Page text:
The settlement was often subject to attack from sea and from land. Periodic assaults from Spain and France, who still contested England's claims to the region, were combined with resistance from Native Americans as well as pirate raids. Charleston's colonists erected a fortification wall around the small settlement to aid in its defense. The only building to remain from the Walled City is the Powder Magazine, where the city's supply of gun powder was stored. Native Americans (also Indians, Aboriginal Peoples, American Indians, First Nations, Alaskan Natives, Amerindians, or Indigenous Peoples of America) are the indigenous inhabitants of The Americas prior to the European colonization, and their modern descendants. ... The defensive wall of Braşov, Romania. ...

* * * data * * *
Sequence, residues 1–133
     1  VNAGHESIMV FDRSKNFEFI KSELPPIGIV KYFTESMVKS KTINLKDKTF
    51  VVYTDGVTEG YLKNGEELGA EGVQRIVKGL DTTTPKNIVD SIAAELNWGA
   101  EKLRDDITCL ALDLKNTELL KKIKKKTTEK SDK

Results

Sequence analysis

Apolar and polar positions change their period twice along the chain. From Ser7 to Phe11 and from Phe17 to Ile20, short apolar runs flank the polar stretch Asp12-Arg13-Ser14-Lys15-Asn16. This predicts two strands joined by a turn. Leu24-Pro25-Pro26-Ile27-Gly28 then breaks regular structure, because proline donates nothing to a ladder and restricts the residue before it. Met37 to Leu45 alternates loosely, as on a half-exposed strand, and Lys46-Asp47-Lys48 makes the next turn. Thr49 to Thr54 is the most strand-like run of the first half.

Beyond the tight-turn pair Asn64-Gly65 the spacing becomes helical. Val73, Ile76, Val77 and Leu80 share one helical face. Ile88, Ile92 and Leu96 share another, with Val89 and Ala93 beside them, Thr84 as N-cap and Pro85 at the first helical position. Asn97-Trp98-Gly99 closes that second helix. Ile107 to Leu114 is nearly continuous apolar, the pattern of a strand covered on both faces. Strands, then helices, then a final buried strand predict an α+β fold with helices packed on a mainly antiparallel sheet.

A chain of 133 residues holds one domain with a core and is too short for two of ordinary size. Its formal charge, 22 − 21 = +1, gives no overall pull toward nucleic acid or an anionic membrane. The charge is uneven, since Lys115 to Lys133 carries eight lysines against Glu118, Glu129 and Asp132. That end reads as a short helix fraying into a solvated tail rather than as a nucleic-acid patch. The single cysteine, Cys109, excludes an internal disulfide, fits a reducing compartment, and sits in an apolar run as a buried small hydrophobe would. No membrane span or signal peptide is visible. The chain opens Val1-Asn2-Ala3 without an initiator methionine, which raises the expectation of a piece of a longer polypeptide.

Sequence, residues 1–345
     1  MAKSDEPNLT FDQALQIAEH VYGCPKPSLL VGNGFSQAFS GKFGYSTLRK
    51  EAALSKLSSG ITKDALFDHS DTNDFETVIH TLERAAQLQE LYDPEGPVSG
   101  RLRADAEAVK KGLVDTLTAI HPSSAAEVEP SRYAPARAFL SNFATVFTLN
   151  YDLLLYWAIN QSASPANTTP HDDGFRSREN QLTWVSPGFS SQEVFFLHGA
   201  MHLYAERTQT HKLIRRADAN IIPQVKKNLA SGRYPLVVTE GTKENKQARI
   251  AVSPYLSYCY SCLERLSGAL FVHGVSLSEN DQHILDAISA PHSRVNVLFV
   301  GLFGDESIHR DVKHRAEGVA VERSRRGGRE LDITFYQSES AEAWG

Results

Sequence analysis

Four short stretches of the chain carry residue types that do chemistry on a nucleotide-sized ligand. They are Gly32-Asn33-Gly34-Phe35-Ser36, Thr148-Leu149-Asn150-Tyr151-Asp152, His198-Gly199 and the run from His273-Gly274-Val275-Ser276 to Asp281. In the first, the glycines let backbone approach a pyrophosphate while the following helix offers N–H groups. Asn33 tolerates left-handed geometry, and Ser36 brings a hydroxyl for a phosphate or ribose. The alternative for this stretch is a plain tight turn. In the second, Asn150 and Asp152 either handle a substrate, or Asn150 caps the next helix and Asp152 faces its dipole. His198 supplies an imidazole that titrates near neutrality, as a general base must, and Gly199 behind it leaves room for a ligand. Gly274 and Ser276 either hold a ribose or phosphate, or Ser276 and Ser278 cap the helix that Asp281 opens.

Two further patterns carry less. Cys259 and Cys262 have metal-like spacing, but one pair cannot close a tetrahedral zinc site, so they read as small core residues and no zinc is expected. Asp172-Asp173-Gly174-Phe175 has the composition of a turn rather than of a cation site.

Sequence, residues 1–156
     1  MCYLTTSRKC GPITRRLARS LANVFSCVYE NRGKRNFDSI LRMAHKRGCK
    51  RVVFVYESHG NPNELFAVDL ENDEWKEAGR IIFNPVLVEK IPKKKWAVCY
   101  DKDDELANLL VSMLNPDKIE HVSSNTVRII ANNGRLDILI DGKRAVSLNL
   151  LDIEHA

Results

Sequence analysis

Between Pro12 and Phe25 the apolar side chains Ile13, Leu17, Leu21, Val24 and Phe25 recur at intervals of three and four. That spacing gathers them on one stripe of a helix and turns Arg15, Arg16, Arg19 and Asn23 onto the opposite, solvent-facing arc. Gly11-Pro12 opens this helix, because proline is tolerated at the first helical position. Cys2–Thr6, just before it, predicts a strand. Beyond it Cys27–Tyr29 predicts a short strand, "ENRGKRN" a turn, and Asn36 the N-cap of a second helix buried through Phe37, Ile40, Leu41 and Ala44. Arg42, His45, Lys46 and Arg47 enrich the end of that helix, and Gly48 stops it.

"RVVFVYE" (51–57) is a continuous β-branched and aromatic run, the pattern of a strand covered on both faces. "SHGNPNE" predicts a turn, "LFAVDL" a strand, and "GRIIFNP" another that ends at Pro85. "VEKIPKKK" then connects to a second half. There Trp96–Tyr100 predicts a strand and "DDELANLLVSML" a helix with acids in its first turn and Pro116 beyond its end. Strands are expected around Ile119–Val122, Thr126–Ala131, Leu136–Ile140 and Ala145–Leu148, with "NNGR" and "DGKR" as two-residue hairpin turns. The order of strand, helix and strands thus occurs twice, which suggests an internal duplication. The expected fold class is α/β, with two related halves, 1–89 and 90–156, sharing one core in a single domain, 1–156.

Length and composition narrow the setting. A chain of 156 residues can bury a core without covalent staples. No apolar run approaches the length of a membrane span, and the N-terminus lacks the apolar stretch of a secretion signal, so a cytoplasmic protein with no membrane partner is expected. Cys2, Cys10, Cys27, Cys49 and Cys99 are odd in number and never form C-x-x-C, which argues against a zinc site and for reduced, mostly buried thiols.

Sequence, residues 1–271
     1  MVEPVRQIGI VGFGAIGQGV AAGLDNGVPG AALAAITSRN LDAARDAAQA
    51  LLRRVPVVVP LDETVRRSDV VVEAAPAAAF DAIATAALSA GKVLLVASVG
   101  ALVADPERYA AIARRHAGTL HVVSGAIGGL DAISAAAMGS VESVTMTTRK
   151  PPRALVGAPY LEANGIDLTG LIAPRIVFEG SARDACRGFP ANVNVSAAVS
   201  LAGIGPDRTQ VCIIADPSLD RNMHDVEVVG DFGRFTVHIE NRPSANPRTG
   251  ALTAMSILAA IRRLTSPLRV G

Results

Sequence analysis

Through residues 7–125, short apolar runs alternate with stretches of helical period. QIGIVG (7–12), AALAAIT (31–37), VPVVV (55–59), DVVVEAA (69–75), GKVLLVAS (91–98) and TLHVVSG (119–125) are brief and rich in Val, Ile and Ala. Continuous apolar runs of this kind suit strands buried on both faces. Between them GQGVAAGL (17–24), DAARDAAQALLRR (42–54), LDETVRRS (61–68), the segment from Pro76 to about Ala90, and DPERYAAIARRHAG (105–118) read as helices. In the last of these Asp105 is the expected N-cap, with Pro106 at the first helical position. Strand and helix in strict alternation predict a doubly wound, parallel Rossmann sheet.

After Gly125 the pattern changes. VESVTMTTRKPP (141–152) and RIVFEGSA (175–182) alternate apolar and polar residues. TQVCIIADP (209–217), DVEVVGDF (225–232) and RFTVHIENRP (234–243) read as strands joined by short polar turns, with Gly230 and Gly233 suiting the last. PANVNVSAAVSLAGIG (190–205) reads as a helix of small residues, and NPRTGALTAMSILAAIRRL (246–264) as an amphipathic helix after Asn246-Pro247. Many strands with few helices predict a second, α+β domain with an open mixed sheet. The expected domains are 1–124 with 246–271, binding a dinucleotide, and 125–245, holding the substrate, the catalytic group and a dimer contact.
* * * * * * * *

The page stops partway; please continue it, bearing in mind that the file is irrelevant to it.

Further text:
A 1680 plan for the new settlement, the Grand Modell, laid out "the model of an exact regular town," and the future for the growing community. Land surrounding the intersection of Meeting and Broad Streets was set aside for a Civic Square. Over time it became known as the Four Corners of the Law, referring to the various arms of governmental and religious law presiding over the square and the growing city. St. Michael's Episcopal, Charleston's oldest and most noted church, was built on the southeast corner in 1752. The following year the Capitol of the colony was erected across the square. Because of its prominent position within the city and its elegant architecture, the building signaled to Charleston's citizens and visitors its importance within the British colonies. Provincial court met on the ground floor, the Commons House of Assembly and the Royal Governor's Council Chamber met on the second floor. Events First Portuguese governor was appointed to Macau The Swedish city Karlskrona was founded as the Royal Swedish Navy relocated there. ...